Throughout the debate on township consolidation, proponents have watched opponents dominate every meeting.
Proponents have argued that all but one of the meetings were held during the day when only township officials and their friends could attend, that regular voters were working at such times.
There is no doubt that opponents effectively marshaled their forces.
The question that an elected official (or ex-elected official in my case) sometimes asks, however is,
What does the electorate want me to do?
My job title was state representative.
For those in a legislative branch the tension is always between doing what one’s constituents’ desire and doing what one thinks is right.
Edmund Burke is famous for voting his conscience.
What is generally not know is that after doing so, he lost his next election.
McHenry County Blog decided to ask the question in a scientific poll.
The results were that an overwhelming majority of McHenry County voters want the McHenry County Board to put consolidation of townships on the ballot.
The results are below
82.7% in favor of putting on the ballot; 17.3% on the other side.
When voters are over 80% on one side of an issue or another, most politicians take note.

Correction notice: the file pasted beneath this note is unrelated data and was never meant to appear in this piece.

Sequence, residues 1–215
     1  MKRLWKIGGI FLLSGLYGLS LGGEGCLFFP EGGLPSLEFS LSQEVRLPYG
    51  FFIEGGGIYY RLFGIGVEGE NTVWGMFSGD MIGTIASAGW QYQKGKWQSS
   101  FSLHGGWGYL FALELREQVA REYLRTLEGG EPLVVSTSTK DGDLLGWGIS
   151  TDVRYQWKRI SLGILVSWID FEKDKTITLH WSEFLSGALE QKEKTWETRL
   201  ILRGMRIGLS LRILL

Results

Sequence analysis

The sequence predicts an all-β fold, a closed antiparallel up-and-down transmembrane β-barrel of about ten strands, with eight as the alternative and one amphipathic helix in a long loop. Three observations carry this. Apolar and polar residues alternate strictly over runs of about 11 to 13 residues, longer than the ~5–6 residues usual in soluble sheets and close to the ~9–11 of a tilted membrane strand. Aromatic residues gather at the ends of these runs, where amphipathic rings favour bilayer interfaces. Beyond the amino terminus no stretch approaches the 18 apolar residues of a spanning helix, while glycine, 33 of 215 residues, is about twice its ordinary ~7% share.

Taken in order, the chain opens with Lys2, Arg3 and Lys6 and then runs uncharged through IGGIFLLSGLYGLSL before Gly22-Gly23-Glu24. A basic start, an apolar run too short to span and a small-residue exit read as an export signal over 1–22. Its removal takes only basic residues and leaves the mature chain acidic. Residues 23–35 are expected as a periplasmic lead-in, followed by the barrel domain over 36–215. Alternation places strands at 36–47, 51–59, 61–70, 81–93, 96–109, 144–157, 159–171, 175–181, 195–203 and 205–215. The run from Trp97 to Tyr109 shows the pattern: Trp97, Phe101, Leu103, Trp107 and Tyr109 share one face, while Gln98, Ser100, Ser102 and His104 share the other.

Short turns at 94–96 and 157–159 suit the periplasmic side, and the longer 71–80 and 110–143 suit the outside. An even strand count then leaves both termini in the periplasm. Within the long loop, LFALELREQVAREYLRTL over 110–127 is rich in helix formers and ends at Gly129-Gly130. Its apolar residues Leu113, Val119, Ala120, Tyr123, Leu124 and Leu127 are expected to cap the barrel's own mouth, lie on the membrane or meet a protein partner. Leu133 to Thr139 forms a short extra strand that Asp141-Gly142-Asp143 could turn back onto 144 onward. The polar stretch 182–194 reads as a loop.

They know that an opponent could use the issue effectively.
Could this be an issued in upcoming Republican primary elections?
Only if candidates running against those who vote “No” want to make it one.
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The poll was taken by Victory Geek.
Here is the question on township consolidation:
Do you believe the efforts to consolidate townships within McHenry County should the decision of the voters or the county board, if the voters, then should this question be placed on ballot for a public vote?
PRESS 1 if you believe it should be decided by the county board and not on the ballot 1
PRESS 2 if you believe it should be decided by the voters and placed on the ballot 2
PRESS 3 if you are unsure
647 replies are included in the poll, meaning 534 favored the County Board’s putting the question on the ballot.
It has a 3.81% margin of error at a 95% confidence interval with 647 respondents and was modeled to likely voter demographics.